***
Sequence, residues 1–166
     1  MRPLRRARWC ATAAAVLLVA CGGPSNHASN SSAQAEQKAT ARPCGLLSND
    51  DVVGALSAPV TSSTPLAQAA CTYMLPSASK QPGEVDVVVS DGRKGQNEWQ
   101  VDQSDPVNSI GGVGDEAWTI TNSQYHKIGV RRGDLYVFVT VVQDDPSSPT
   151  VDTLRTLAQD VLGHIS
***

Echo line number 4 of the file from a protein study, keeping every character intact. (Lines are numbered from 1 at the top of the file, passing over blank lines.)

   101  VDQSDPVNSI GGVGDEAWTI TNSQYHKIGV RRGDLYVFVT VVQDDPSSPT